First introduced in Fuji cameras with the GFX system, pixel shift promises unparalleled resolution. With the X-H2 and X-T5 camera bodies, Fuji has a “wow” factor by making us believe the cameras are capable of 160 megapixels.
By using the IBIS system, the camera “shifts” the sensor to capture different sets of pixels and is able to take 20 images that you must then combine using Fuji’s “Pixel Shift Combiner” software.
In theory: AWESOME! In actuality, however, Fuji’s system of implementing this rarely works well, if at all.
First of all, if anything is moving in your photo, forget about it. The photo will contain strange artifacts, such as in this photograph with the waving flags in the background:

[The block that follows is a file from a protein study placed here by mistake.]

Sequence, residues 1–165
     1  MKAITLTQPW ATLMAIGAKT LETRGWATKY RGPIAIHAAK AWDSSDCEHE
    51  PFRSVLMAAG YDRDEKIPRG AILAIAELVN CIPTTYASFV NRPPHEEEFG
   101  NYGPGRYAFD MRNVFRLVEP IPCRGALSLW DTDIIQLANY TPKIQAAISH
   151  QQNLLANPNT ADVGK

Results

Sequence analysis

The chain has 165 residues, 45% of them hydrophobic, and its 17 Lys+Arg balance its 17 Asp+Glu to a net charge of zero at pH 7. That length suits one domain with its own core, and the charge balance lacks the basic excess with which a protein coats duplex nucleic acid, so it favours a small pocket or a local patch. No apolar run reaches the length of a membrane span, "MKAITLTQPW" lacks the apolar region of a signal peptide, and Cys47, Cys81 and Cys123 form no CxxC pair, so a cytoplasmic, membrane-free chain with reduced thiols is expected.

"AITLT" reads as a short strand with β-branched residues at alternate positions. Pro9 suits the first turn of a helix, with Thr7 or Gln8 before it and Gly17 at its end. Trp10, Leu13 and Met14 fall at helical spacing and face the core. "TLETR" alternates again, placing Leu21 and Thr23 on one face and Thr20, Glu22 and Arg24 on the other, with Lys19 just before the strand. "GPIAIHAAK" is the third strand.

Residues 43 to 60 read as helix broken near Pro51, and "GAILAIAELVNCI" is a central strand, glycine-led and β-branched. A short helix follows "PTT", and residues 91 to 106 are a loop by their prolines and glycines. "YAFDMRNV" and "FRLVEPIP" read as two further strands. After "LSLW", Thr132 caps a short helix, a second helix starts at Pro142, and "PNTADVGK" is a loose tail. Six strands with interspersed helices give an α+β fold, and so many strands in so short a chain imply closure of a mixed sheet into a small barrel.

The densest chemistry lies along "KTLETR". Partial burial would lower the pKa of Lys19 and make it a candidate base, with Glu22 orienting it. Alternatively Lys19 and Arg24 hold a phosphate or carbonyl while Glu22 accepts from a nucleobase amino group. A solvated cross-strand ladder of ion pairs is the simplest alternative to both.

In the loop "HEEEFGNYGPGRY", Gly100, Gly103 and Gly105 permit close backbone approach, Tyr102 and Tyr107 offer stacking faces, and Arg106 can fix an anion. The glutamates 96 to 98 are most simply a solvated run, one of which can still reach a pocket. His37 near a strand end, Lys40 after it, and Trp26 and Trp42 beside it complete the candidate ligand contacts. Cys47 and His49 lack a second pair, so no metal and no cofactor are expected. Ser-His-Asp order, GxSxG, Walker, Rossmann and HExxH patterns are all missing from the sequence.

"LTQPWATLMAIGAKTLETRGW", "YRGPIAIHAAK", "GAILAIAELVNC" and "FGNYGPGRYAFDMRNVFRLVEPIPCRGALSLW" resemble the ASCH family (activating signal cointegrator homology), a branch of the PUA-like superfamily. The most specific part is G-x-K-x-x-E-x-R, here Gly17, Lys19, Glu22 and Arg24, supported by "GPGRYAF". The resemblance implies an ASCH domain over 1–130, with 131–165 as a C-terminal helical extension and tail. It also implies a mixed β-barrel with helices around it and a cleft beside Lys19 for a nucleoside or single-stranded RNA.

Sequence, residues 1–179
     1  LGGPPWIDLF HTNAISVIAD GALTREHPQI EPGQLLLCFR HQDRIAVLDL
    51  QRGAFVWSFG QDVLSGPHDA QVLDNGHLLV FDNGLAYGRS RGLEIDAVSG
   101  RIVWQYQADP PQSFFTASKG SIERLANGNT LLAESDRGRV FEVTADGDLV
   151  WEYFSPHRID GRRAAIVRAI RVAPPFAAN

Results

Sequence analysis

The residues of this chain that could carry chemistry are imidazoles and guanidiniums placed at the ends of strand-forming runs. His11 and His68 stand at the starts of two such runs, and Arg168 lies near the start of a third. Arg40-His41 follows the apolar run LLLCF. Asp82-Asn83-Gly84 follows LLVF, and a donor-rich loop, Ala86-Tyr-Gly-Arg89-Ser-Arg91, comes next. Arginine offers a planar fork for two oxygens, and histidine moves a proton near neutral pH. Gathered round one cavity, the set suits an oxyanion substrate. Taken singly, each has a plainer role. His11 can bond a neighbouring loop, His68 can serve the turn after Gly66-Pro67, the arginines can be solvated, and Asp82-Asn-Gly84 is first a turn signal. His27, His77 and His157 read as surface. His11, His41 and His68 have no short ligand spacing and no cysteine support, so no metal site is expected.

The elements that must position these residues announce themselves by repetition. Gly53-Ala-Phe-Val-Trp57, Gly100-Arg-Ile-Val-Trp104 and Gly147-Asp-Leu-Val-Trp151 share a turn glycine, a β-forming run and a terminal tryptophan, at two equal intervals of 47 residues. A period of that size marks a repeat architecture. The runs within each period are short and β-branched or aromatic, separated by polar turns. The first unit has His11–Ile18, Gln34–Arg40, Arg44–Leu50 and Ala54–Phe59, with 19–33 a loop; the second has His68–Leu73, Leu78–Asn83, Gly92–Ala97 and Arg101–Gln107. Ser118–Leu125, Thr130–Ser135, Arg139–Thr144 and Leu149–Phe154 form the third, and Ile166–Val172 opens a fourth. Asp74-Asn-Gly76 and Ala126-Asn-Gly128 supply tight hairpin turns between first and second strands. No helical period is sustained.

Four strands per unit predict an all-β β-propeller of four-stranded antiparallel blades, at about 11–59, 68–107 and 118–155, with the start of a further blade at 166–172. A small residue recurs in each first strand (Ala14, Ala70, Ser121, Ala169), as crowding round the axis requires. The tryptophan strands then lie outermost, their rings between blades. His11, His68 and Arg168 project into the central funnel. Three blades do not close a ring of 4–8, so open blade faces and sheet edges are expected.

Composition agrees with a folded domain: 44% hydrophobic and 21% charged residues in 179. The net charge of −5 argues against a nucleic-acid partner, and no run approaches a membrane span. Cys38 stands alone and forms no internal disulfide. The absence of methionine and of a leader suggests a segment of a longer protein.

And even when things aren’t moving that much, Pixel Shift mode leaves a lot to be desired.
These photos demand a tripod and near-perfect conditions. I had a little bit of wind on this day (not much!), so when I tested pixel shift on a building, it didn’t work well, creating blurry lines in all the details. Yes, I had the camera on a solid tripod.
Even in the studio, it’s difficult to get photos without Fuji’s software giving an error most of the time.
You can see this series of images I ran through Pixel Shift Combiner all contained an error. They were of a rock, indoors, taken with the camera on a tripod with a 10-second timer. There is no way to get better conditions than this, which makes the errors confusing and frustrating.
In the end, the Pixel Shift mode in the Fujifilm X-T5 and X-H2 is nothing but a marketing gimmick.